Friday, 19 December 2014

Fictitious Capital - Part 3

Considering the circuit of capital, as M – C... P... C' – M', the three forms of industrial capital are identifiable. Money-capital exists as M, which is transformed into the commodities which comprise the productive-capital, P, which is transformed into commodity-capital, C', which again is transformed into money-capital. But, the interest bearing-capital exists outside this circuit. This interest bearing capital exists as a sum of money-capital, which is not used to buy productive-capital, but which is instead loaned to a productive-capitalist, who requires to employ its use value. The fictitious nature of this capital arises because although it seems to possess the capacity of all capital to self-expand, because it is only loaned if it attracts interest, in reality, it has no such power. It is only able to attract interest, because real capital does self-expand, and produces profits.

The circuit of this interest bearing capital appears as simply M – M', so that it is loaned out, and appears to miraculously return as a greater sum, enhanced by the interest, like Jack's magic beans. But, in reality, it is M – M – C... P … C' – M' – M+i. The fact that this capital is fictitious is evidenced by the fact that the interest-bearing capital that is loaned at the start of this circuit is not an additional separate capital, from the money-capital, which is used to purchase productive-capital, but is the same capital that simply functions twice, once in the hands of the money lending capitalist, and once in the hands of the productive-capitalist who borrows it.

Yet, it is precisely from this that fictitious capital takes on its appearance as capital, and consequently gives the appearance that one and the same capital has multiplied itself not just once, but several times over! By giving the appearance that capital has been increased, it gives the illusion that wealth itself has increased, even though usually the opposite is the case, because the expansion of this fictitious capital goes along with an expansion of debt.

When A lends the lathe with a value of £10,000 to productive-capitalist B, the only capital in existence is £10,000, in the shape of the lathe, which participates in the production process, and thereby obtains its share of total surplus value, equal to £1,000 of profits. But, in return for the loan of this £10,000 of capital-value, A obtains a loan certificate, indicating that B owes them £10,000 plus interest. For A, this certificate appears as capital, and wealth for two reasons. Firstly, it appears as capital because as a result of earning interest, it appears to self expand its value, and secondly, it appears both as capital and wealth, because this certificate can itself be used as collateral. On the basis of the ownership of this certificate, A could borrow against it, to themselves obtain a loan of £10,000, for example.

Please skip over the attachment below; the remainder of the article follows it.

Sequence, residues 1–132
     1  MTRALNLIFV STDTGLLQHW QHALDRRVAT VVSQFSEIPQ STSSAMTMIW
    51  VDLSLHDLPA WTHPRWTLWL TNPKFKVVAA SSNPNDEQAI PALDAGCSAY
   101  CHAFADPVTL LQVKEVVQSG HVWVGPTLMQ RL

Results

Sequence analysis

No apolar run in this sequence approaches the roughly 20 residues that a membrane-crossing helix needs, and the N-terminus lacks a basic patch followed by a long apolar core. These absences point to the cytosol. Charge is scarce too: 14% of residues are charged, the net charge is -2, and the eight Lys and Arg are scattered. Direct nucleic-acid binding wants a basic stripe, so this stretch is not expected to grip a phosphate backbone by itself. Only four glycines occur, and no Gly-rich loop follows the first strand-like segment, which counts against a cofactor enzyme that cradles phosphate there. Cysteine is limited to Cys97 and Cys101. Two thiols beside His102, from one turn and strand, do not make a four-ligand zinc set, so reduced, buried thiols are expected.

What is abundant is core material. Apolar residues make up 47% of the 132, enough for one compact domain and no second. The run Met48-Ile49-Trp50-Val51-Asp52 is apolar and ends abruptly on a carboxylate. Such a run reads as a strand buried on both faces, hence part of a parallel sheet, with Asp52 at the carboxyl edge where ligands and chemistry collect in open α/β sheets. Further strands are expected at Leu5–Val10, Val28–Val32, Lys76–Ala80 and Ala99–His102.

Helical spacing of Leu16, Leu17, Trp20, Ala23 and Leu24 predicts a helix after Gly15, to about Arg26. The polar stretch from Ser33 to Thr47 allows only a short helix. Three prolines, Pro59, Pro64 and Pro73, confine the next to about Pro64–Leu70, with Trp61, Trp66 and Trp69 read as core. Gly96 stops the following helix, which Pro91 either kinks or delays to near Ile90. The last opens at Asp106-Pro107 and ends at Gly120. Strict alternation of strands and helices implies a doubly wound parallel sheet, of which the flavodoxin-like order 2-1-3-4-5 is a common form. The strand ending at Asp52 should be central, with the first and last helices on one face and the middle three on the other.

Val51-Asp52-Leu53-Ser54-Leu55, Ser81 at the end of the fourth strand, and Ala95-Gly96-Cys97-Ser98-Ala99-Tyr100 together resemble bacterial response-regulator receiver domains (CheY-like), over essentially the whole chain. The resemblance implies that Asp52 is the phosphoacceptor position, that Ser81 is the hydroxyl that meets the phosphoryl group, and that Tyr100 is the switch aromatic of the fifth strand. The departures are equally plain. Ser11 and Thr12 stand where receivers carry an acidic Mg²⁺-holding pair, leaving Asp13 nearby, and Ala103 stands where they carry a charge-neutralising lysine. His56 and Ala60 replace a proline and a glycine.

It appears, therefore, that £20,000 of capital exists - £10,000 in the shape of the machine, and £10,000 in the shape of this loan certificate - where before only £10,000 existed, in the shape of the machine. Yet, the reality is that only £10,000 of capital exists here, in the shape of the machine as productive-capital. If B used the machine borrowed from A only to produce use values required for their own consumption, the machine would act only as a machine, and not as capital. It would produce no surplus value. All that B could give back to A would be the machine itself. They would have generated no surplus value out of which to give A any interest.

Similarly, if B borrowed £10,000 from A, rather than a machine, and simply used this money to cover their purchase of means of consumption, no surplus value would be created. In fact, because they would have consumed the commodities bought with that £10,000, they would not even be able to repay the original capital sum to A, let alone any interest. There is nothing specific about the £10,000, as a loan, therefore, which enables it to self-expand its value. Interest is not some inherent characteristic of loanable capital.

The interest is only payable, if the loaned capital is used as actual real capital, as productive-capital, which generates surplus value. If A decides to liquidate the loan of the machine, that would require that B hand it over to them. But, as simply a return of the machine, all it provides for A, is then its original value, without any interest. Moreover, having had the machine returned to them, the fictitious capital itself disappears. If B is no longer in possession of the machine, A must similarly scrap the loan note raised upon it. It is then clear that this loan note did not represent real capital, and that the only real capital in existence was that represented by the machine.

If A wants to obtain the interest they would have received on the loan of the machine, the only way they can now do this is by becoming a productive-capitalist themselves. They must put the machine to work as capital, and thereby create a surplus value. They can then obtain the interest out of this surplus value, just as previously B would have paid the interest to A, and would have retained the rest of the surplus value themselves, as a profit of enterprise. But, again, it is clear here that the only capital that actually exists, is the £10,000 of productive capital in the form of the machine.

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